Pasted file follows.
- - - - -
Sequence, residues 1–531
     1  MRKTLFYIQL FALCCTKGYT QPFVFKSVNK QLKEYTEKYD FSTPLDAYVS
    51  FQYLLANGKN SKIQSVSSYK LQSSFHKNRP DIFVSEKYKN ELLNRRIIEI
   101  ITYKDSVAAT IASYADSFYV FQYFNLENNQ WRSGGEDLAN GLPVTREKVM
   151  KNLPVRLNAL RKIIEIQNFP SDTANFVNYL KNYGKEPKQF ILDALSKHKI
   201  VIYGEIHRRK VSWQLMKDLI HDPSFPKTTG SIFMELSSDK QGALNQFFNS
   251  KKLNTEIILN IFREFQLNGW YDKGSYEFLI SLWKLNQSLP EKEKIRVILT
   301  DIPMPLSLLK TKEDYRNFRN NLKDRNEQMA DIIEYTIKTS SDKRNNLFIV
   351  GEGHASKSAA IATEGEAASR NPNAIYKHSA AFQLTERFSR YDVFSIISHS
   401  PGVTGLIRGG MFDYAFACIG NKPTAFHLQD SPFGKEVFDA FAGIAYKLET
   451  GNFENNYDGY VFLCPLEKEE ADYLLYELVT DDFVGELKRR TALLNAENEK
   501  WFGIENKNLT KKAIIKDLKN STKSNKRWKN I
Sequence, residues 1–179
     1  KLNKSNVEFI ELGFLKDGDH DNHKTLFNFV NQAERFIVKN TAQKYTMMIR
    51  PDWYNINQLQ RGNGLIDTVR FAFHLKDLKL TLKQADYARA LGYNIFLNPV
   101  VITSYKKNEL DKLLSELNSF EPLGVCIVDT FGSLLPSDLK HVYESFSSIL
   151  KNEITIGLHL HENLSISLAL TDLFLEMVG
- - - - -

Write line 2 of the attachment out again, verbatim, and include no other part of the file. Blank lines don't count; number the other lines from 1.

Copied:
     1  MRKTLFYIQL FALCCTKGYT QPFVFKSVNK QLKEYTEKYD FSTPLDAYVS